It turns out AGE's are found predominantly in meat. In fact, investigators with the famous Women's Health Study reported this September that the AGE's in meat may be why women who eat meat five or more times a week are at significantly higher risk for developing diabetes. Dry heat, protein and fat seem to conspire to produce these glycotoxins. So while a broiled hot dog has over 10,000 units of AGE's per serving, an apple, or banana, in comparison, has only about 10 units.

“Foods that contain mostly carbohydrates,” the researchers note, “starches, fruits, vegetables.... contain the lowest AGE concentrations.” The researchers offered three suggestions for decreasing one's intake of AGEs: “Firstly, reduce full-fat cheeses, meats and highly processed foods...” Secondly, they recommended using cooking techniques that minimize AGE formation, i.e. boiling and steaming. Frying, roasting and broiling were the worst. “Third,” the investigators conclude, “the importance of selecting unprocessed nutrients when possible cannot be overemphasized.” The pharmaceutical industry is scrambling to find way to somehow counteract AGE's within the body, but perhaps a smarter strategy is for people to just not consume so many of them in the first place. This means centering one's diet on whole plant foods that have ideally not been exposed to temperatures above about 400 degrees Fahrenheit.

The choices we make

Ultimately, the choices we make each day, of what we allow to enter the temple of our body, will seriously affect our health, one way or another. Poison is poison, whether we know it or not. People have tried to ignore the impact, often hiding behind some over-publicized, seemingly conflicting research, but each of us has important decisions to make each time we go to a grocery store or restaurant. The corporate and advertising worlds are against us. When was the last time you saw full-page advertisements for spinach or broccoli?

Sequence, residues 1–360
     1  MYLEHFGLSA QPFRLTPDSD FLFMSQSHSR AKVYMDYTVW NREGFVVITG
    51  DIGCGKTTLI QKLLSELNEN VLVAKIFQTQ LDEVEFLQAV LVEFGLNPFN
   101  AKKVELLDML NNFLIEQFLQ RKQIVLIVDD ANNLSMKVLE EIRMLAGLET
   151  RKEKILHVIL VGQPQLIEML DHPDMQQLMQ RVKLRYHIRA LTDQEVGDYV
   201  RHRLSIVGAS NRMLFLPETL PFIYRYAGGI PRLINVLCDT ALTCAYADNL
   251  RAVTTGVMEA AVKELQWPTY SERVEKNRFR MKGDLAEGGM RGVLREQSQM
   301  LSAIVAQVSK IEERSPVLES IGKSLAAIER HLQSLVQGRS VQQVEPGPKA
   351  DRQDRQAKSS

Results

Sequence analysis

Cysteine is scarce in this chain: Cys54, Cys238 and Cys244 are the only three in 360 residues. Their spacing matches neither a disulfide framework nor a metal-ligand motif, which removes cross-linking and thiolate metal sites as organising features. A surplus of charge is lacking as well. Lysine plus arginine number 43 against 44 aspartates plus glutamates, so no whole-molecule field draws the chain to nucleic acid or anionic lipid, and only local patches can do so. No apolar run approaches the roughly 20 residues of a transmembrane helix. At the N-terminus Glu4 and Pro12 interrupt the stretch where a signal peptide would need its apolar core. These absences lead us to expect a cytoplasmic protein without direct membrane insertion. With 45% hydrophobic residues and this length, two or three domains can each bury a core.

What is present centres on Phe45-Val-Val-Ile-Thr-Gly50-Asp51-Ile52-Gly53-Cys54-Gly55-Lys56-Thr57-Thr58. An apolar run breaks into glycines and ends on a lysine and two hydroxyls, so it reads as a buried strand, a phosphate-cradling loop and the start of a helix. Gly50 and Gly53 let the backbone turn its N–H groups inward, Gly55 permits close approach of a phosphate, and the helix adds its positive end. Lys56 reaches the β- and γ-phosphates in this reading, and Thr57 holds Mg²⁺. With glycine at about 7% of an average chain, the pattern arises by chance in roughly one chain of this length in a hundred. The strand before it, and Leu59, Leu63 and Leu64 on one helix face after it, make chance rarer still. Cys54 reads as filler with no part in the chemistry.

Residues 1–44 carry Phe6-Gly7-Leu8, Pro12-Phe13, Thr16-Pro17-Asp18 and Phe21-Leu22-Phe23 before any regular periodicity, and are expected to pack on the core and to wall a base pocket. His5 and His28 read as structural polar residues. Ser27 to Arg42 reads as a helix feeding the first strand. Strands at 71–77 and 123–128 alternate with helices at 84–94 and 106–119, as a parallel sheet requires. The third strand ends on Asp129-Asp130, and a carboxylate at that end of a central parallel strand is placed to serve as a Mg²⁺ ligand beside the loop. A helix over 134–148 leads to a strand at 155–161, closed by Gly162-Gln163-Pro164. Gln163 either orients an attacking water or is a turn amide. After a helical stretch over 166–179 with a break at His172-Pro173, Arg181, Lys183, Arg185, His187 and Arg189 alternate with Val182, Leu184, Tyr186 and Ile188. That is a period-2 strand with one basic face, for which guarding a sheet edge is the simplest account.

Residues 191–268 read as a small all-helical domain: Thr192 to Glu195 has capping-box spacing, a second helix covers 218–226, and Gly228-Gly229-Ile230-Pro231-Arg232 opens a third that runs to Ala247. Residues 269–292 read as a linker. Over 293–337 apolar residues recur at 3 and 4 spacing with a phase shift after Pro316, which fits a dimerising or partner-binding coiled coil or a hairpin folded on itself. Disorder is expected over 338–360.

We are surrounded by fast food chain restaurants, and barraged by ads for junk foods. We see ads for weight loss programs, that say you can eat whatever you want, not exercise-and still lose weight. It's easier to find a Snickers bar, a Big Mac, or a Coke, than it is to find an apple. And your kids may eat at a school cafeteria whose idea of a vegetable is the ketchup on the burgers. You go to your doctor for health tips. In the waiting room, you find a glossy 243-page magazine titled “Family Doctor: Your Essential Guide to Health and Wellbeing.” Published by the American Academy of Family Physicians, and sent free to the offices of all 50,000 family doctors in the United States in 2004, it's full of glossy ads for McDonald's, Dr. Pepper, chocolate pudding and Oreo cookies. You pick up an issue of National Geographic Kids, “for ages six and up,” expecting to find wholesome reading for youngsters. The pages, however, are filled with ads for Twinkies, M&Ms, Frosted Flakes, Fruit Loops, Hostess Cup Cakes, and Xtreme Jell-O Pudding Sticks.

This is what some scientists and food activists at Yale University call a toxic food environment. It is the environment in which most of us live today. The inescapable fact is that certain people are making an awful lot of money today selling foods that are unhealthy. They want you to keep eating the foods they sell, even though doing so makes you fat, exhausts your vitality, and shortens and degrades your life. They do not want you informed, active, and passionately alive, and they are quite willing to spend billions of dollars annually to accomplish their goals. You can acquiesce to all this, you can succumb to the junk food sellers, or you can find a healthier and more life-affirming relationship to your body and the food you eat. If you want to live with radiant health, feeling alive in your body, you'll need an ally in today's environment.

Personalized Diet advice

We're always more than happy to discuss healthy eating with our patients. We will address foods and diets that are appropriate to your individual constitution and pattern of disease. In some circumstances, we may even arrange for a separate appointment just to discuss these things, as we feel it is that important.